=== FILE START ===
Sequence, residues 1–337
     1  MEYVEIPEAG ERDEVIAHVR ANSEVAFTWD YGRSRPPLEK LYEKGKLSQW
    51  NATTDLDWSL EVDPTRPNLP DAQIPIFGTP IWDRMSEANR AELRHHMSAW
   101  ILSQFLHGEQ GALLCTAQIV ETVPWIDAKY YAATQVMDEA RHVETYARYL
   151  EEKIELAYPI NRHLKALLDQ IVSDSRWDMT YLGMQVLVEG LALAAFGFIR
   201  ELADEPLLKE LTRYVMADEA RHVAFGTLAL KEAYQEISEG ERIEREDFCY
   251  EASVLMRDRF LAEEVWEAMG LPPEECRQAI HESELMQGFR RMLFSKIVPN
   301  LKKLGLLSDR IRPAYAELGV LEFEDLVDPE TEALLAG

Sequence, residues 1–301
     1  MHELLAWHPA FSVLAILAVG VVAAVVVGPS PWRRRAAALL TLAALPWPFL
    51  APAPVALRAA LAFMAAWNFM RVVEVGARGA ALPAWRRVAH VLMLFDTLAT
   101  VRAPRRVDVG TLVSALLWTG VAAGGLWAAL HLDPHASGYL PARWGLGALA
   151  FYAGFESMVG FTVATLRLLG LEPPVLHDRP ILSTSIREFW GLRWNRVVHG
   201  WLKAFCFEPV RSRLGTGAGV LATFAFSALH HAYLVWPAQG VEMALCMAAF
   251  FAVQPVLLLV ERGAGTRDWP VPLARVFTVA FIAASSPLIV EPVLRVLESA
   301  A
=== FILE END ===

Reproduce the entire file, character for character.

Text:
Sequence, residues 1–337
     1  MEYVEIPEAG ERDEVIAHVR ANSEVAFTWD YGRSRPPLEK LYEKGKLSQW
    51  NATTDLDWSL EVDPTRPNLP DAQIPIFGTP IWDRMSEANR AELRHHMSAW
   101  ILSQFLHGEQ GALLCTAQIV ETVPWIDAKY YAATQVMDEA RHVETYARYL
   151  EEKIELAYPI NRHLKALLDQ IVSDSRWDMT YLGMQVLVEG LALAAFGFIR
   201  ELADEPLLKE LTRYVMADEA RHVAFGTLAL KEAYQEISEG ERIEREDFCY
   251  EASVLMRDRF LAEEVWEAMG LPPEECRQAI HESELMQGFR RMLFSKIVPN
   301  LKKLGLLSDR IRPAYAELGV LEFEDLVDPE TEALLAG

Sequence, residues 1–301
     1  MHELLAWHPA FSVLAILAVG VVAAVVVGPS PWRRRAAALL TLAALPWPFL
    51  APAPVALRAA LAFMAAWNFM RVVEVGARGA ALPAWRRVAH VLMLFDTLAT
   101  VRAPRRVDVG TLVSALLWTG VAAGGLWAAL HLDPHASGYL PARWGLGALA
   151  FYAGFESMVG FTVATLRLLG LEPPVLHDRP ILSTSIREFW GLRWNRVVHG
   201  WLKAFCFEPV RSRLGTGAGV LATFAFSALH HAYLVWPAQG VEMALCMAAF
   251  FAVQPVLLLV ERGAGTRDWP VPLARVFTVA FIAASSPLIV EPVLRVLESA
   301  A